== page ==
UC Berkeley Grad Shourd Journeys Home From Captivity
DUBAI (AP/CBS) – A UC Berkeley graduate released from Iran after more than 13 months in custody began her journey back to the United States on Saturday after asking her supporters to “extend your prayers” to her fiance and another American man who remain in Tehran accused of spying.
In a brief statement, Sarah Shourd thanked Oman — an ally of both Iran and the United States — for mediating the $500,000 bail that led to her freedom earlier this week. But she made no mention of her ordeal inside Tehran’s notorious Evin Prison or any health problems — which her mother has said include a breast lump and precancerous cervical cells.
“Please, please extend your prayers” to the other two Americans still held — her fiance Shane Bauer and their friend Josh Fattal — she said at Oman’s international airport before boarding an Oman Air flight on the first leg of her trip home accompanied by her mother Nora and an uncle.
She arrived in Dubai, United Arab Emirates, from Oman late Saturday. She was next scheduled to appear at a news conference in New York on Sunday timed to coincide with the arrival of Iranian President Mahmoud Ahmadinejad to attend the U.N. General Assembly.
Shourd, 32, appeared in good spirits and less gaunt than when she stepped off a private Omani jet late Tuesday after her release from Iran.
She expressed special gratitude to Oman, which helped secure the $500,000 bail that satisfied Iranian authorities and apparently did not violate U.S. economic sanctions. The source of the bail payment has not been disclosed.
“I’ll always associate your country with the first breath of my freedom, the sweet smell of sandalwood and a chance to stand by the ocean listening to the waves,” she said, wearing long-sleeve black T-shirt covered by a white top and white sneakers — a contrast to the maroon head scarf and tan button-down tunic she wore leaving Tehran.
The three Americans were detained in July 2009 along the Iraqi border. Iran has issued espionage-related indictments, which could bring trials for the two men and proceedings in absentia for Shourd. Their families say that if they crossed the border, they did so unintentionally.
Shourd has stayed out of the public eye since being embraced by her mother at a special royal airfield. Few details have emerged of her first days of freedom apart from going to a medical exam and a private tour Saturday of the Grand Mosque in Muscat.
She said she hoped to return someday with Bauer and Fattal — adding the common phrase “Inshallah” or “God willing” in Arabic. A crowd of international media was on hand for her statement in a VIP room with chandeliers and carved wooden doors, but she did not take questions.
Earlier in Tehran, Ahmadinejad said he was hopeful the United States would release several Iranians it is holding now that Shourd has been freed.
Ahmadinejad has suggested in the past that the three could be traded for Iranians held in the U.S., raising concerns that the Americans were to be used as bargaining chips as the two countries face off over issues like Iran’s disputed nuclear program. In December, Iran released a list of 11 Iranians it says are in U.S. custody.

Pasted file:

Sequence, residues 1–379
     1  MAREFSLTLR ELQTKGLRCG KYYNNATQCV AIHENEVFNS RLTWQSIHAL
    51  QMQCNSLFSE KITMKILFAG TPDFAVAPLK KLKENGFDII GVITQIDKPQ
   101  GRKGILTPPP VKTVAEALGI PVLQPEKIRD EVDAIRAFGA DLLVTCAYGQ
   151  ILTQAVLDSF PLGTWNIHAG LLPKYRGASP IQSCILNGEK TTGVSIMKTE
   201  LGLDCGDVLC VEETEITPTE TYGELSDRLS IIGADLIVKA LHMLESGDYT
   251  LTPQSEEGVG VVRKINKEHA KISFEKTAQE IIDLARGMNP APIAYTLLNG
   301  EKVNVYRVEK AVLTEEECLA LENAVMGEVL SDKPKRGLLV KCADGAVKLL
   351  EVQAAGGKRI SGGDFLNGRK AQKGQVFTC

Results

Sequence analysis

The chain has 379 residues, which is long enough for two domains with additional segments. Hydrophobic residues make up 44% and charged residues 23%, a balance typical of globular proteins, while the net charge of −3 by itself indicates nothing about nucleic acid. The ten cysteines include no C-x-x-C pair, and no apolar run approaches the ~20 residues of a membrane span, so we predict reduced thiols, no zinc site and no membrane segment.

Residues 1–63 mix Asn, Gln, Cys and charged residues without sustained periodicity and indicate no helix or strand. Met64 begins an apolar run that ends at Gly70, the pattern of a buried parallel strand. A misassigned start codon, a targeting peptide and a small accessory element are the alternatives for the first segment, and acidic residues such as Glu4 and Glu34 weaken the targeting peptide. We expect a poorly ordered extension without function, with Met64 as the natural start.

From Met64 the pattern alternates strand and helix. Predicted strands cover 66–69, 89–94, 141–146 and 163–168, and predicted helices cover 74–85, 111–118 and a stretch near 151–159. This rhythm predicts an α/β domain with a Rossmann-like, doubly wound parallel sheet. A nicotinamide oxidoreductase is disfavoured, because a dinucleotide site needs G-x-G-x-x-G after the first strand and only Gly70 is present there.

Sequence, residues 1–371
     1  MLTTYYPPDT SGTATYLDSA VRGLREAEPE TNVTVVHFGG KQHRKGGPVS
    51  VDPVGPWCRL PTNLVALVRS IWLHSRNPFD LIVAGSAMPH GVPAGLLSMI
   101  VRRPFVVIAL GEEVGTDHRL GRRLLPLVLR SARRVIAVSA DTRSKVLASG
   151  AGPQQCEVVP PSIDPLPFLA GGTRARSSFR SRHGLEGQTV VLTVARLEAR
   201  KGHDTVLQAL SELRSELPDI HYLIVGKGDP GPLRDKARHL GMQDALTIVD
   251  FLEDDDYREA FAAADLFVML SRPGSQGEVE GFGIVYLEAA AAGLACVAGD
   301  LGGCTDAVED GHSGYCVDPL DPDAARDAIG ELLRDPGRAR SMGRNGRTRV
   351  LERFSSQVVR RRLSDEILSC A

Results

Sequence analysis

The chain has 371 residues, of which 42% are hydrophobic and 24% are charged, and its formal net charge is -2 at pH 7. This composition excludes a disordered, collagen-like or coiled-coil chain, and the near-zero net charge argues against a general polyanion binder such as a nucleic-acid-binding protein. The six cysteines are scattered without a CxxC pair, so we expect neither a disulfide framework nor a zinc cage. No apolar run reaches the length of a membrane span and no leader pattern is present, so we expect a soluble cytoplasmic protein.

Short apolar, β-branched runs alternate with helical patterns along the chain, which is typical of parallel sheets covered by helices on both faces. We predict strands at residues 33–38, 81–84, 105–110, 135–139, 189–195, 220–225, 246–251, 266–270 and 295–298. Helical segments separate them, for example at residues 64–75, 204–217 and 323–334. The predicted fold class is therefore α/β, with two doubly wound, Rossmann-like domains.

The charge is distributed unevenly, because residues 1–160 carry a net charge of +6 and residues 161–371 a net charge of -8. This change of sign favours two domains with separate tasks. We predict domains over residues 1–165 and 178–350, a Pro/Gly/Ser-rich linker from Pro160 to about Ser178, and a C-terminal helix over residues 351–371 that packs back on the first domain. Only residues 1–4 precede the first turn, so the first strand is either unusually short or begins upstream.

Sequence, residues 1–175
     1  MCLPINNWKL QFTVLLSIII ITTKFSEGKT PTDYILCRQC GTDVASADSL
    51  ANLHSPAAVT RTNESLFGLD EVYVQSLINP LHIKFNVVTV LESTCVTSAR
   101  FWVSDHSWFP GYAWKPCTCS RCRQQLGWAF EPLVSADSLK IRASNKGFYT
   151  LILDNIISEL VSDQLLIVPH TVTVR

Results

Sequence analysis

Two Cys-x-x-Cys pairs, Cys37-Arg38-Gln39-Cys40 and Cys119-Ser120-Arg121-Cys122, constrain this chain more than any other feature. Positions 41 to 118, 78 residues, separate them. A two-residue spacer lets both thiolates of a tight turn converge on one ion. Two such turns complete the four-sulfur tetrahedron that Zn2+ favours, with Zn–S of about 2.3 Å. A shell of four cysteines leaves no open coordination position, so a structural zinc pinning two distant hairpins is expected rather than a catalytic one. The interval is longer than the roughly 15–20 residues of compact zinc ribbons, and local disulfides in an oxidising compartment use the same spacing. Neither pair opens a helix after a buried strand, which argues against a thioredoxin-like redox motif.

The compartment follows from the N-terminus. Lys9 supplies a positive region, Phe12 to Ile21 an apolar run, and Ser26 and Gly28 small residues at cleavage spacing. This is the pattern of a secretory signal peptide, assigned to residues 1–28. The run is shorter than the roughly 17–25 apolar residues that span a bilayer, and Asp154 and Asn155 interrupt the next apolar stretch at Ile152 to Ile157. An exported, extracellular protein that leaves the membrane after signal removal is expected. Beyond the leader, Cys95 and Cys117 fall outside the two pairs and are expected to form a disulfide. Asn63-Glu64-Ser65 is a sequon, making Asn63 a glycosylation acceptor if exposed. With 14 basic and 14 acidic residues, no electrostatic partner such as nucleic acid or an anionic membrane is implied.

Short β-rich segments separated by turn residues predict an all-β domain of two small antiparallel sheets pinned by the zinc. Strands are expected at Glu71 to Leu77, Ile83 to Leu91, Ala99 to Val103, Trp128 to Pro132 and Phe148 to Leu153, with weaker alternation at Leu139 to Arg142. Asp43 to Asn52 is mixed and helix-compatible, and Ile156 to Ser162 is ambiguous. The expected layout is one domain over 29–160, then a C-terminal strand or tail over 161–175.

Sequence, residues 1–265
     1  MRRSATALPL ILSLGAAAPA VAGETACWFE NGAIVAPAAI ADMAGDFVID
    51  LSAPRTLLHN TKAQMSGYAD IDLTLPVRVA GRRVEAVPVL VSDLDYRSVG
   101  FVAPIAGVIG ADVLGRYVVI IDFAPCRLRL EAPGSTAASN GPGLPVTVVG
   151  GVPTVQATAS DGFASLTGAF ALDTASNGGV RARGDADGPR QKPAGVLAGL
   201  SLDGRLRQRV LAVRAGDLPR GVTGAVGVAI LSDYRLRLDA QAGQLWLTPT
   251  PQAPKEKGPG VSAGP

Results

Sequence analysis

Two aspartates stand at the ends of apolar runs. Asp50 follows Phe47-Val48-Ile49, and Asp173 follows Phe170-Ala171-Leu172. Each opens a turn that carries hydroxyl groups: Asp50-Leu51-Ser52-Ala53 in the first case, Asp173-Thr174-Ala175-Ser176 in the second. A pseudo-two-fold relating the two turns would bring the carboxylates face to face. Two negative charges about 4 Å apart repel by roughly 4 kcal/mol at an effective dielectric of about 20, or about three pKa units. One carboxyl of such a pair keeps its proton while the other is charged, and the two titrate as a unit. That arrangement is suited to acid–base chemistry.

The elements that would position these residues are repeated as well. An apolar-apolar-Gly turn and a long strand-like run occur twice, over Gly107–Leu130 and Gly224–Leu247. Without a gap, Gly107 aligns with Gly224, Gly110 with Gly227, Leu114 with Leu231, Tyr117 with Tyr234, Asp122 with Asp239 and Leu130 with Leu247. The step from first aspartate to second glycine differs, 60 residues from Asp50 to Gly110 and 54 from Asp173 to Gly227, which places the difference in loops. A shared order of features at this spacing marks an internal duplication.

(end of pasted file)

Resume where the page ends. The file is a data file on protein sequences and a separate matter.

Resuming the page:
One of them, nuclear scientist Shahram Amiri, returned to Iran in July. Iran said he had been kidnapped during a pilgrimage to Saudi Arabia in June 2009 and taken to the United States. Washington said he was a willing defector who later changed his mind and was allowed to return home.
Speaking of Shourd’s release, Ahmadinejad said in a state TV interview broadcast Friday night “We hope they appreciate this job.”
In Washington, Secretary of State Hillary Rodham Clinton told reporters the U.S. is “absolutely committed to the return of Josh and Shane,” and appealed to Tehran to let them go.
“These two young men have been held without cause now for more than a year. It would be a very significant humanitarian gesture for the Iranians to release them as well,” Clinton said.
She also spoke with the men’s parents Thursday to reassure them about efforts to bring their sons home.
Iran’s list of citizens it says are held in the U.S. includes three Iranians who have been convicted or charged in public court proceedings in the United States.
The circumstances surrounding some of the others are more mysterious. They include a former Defense Ministry official who vanished in Turkey in December 2006 and three others who Iran says were abducted in Europe and sent to the U.S.
Those involved in public court proceedings include Baktash Fattahi, a legal U.S. resident arrested in April 2009 in California and charged with conspiracy to export American-made military aircraft parts to Iran.
Another, Amir Amirnazmi, is a dual U.S.-Iranian citizen who was convicted by a court in Pennsylvania in February 2009 of business dealings with Iranian companies banned under U.S. sanctions.
The third Iranian, Amir Hossein Ardebili, was sentenced to five years in prison in December 2009 by a court in Wilmington, Delaware, after pleading guilty to plotting to ship U.S. military technology to Iran. Iran has called it a show trial and said Ardebili was abducted in the former Soviet republic of Georgia in 2007 before being handed over to U.S. authorities in 2008.
The list also includes an Iranian arrested in Canada on charges of trying to obtain nuclear technology and two others who Iran says are being held in the U.S. without charge.
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